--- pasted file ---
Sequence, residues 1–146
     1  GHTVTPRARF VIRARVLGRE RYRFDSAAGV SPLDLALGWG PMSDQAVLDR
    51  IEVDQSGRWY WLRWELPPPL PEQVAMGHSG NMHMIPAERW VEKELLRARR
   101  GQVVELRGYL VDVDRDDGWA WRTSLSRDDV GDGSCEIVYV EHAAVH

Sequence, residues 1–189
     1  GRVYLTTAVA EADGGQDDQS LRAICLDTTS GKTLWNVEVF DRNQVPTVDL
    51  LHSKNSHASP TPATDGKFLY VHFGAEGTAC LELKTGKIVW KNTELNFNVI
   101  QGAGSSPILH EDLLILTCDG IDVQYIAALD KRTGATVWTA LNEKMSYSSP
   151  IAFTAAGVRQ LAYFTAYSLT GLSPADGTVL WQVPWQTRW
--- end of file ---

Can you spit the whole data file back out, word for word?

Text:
Sequence, residues 1–146
     1  GHTVTPRARF VIRARVLGRE RYRFDSAAGV SPLDLALGWG PMSDQAVLDR
    51  IEVDQSGRWY WLRWELPPPL PEQVAMGHSG NMHMIPAERW VEKELLRARR
   101  GQVVELRGYL VDVDRDDGWA WRTSLSRDDV GDGSCEIVYV EHAAVH

Sequence, residues 1–189
     1  GRVYLTTAVA EADGGQDDQS LRAICLDTTS GKTLWNVEVF DRNQVPTVDL
    51  LHSKNSHASP TPATDGKFLY VHFGAEGTAC LELKTGKIVW KNTELNFNVI
   101  QGAGSSPILH EDLLILTCDG IDVQYIAALD KRTGATVWTA LNEKMSYSSP
   151  IAFTAAGVRQ LAYFTAYSLT GLSPADGTVL WQVPWQTRW